Loaded German Words: Kraut Posted by Constanze on Oct 25, 2019 in Language
Guten Tag! Recently there was an uproar here in the UK when the official party for the pro-Brexit campaign put out a poster showing a photo of Angela Merkel, accompanied by the words ‘We did not win two world wars to be pushed around by a Kraut’. This was in reference to a phone call made between UK Prime Minister Boris Johnson and German Chancellor Angela Merkel, in which Merkel proposed conditions for a Brexit deal that Johnson did not agree with. People here were outraged by the poster’s anti-German sentiment, and shortly afterwards it was removed and an apology was issued.
Let’s talk about the use of the word Kraut on this poster. Each nationality has nicknames given to them by people of other nationalities. Some of these are friendly or tongue-in-cheek, and others are derogatory. In this case, to call a German person a Kraut is considered incredibly rude. The simple reason is that this is the name American and British soldiers gave to German soldiers during World War I and World War II. Following this era, the word Kraut continued to be used as an offensive term for a German person.
However, don’t become too sensitive about hearing or seeing the word ‘Kraut’ just yet! This word didn’t suddenly appear during World War I; it was, of course, a word already, which unfortunately took on this negative stigma during the war. The word Kraut on its own, in fact, is the German word for herb.
das Kraut – herb
Fancy a cup of herbal tea? Then look for der Kräutertee in German supermarkets (in this case, the plural of das Kraut is die Kräuter)!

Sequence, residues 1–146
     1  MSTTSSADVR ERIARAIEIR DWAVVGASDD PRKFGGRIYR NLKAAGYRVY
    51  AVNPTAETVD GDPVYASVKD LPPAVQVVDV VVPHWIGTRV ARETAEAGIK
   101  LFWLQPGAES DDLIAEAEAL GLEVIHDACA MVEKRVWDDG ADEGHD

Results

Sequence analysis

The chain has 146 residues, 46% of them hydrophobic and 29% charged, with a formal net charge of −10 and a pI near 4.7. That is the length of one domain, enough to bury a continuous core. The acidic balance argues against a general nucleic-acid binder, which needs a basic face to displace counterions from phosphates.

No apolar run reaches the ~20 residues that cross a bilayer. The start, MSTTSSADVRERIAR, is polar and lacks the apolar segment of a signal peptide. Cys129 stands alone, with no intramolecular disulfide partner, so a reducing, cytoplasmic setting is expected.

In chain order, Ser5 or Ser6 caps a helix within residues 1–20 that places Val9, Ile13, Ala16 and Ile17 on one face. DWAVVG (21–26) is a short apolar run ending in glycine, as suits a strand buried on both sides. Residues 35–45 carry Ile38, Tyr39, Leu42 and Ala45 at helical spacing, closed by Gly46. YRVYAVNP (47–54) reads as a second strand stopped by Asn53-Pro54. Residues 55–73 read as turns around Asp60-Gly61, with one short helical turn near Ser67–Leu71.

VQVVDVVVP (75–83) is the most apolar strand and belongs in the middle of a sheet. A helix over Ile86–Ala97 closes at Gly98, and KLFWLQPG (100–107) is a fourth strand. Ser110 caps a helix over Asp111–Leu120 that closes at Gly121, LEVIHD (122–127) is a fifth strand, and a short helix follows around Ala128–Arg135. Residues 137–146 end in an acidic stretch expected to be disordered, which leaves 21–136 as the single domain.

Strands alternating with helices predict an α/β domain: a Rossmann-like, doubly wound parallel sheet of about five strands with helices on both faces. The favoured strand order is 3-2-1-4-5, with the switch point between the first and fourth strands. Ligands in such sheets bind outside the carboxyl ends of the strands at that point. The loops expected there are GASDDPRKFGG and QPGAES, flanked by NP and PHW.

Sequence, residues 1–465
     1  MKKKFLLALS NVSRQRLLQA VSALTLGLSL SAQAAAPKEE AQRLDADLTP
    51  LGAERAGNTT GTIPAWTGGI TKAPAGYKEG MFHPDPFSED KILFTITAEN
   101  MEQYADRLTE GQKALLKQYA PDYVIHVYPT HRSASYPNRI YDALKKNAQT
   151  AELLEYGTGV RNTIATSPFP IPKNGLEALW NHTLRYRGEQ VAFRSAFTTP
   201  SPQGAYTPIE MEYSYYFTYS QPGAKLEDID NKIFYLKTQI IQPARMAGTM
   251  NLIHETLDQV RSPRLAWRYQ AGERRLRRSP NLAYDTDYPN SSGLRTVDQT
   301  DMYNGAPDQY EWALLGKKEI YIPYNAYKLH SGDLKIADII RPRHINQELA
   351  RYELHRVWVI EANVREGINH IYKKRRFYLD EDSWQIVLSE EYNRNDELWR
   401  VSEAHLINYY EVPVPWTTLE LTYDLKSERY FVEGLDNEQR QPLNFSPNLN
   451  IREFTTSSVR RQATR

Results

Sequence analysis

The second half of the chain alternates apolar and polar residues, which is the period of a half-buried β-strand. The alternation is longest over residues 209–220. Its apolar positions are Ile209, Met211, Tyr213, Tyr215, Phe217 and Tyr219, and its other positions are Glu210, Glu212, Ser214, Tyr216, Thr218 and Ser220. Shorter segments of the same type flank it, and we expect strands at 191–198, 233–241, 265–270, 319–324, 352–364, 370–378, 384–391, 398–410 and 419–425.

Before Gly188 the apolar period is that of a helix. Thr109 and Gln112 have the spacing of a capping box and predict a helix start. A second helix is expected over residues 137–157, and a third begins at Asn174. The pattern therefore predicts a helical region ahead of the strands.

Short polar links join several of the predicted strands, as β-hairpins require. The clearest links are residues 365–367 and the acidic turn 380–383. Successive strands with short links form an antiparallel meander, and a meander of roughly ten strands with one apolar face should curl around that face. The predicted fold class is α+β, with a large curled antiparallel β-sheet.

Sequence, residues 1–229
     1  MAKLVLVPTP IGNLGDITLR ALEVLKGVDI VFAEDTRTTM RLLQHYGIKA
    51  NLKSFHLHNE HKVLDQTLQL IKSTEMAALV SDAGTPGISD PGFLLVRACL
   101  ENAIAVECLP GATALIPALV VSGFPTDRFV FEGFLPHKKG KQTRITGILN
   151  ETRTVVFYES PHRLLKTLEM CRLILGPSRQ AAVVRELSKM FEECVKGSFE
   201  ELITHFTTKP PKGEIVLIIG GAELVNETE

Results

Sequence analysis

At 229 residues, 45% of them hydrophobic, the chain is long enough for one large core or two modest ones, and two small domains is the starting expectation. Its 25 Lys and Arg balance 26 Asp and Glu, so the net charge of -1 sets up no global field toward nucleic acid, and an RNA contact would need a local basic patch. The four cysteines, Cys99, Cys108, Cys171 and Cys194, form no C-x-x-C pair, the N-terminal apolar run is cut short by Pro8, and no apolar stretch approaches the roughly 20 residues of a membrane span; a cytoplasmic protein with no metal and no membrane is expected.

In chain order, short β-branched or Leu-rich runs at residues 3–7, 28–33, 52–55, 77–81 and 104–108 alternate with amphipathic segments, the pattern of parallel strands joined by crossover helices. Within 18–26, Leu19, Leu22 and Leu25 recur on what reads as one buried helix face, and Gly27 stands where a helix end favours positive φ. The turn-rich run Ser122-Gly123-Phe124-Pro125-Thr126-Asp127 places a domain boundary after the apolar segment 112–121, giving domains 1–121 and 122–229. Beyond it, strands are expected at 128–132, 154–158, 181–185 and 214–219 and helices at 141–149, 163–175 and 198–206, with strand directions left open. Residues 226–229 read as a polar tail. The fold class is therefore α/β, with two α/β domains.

You may already know of das Sauerkraut, the German word for ‘pickled cabbage’. This is a very popular food in Germany, amongst others, and its strong and widespread association with Germany is most likely where the derogatory term ‘Kraut’ first came from. As well as Sauerkraut, you can have das Weißkraut (white cabbage – also called der Weißkohl), das Blaukraut (red cabbage – also called der Rotkohl), and if your garden looks unkempt you might say it has a lot of das Unkraut (weeds)!
A little more complicated is the word Krautrock, a term that originated in the 1970s and referred to experimental rock music coming from West Germany. The term ‘Krautrock’ originated in Britain, and many German musicians rejected this label because they considered it pejorative. Many preferred to label themselves with the synonymous ‘Kosmische Musik’ (‘cosmic music’) instead, which is why you will see these two terms used interchangeably. ‘Krautrock’ is a term that is still debated. Some say it is offensive; some don’t.
As you can see, the word Kraut is a great example of how ordinary language can take on negative stigma based on the context in which it is used. If this topic interests you, you might also enjoy this post, which talks about some other, loaded German words.
Bis bald (see you soon)!
Build vocabulary, practice pronunciation, and more with Transparent Language Online. Available anytime, anywhere, on any device.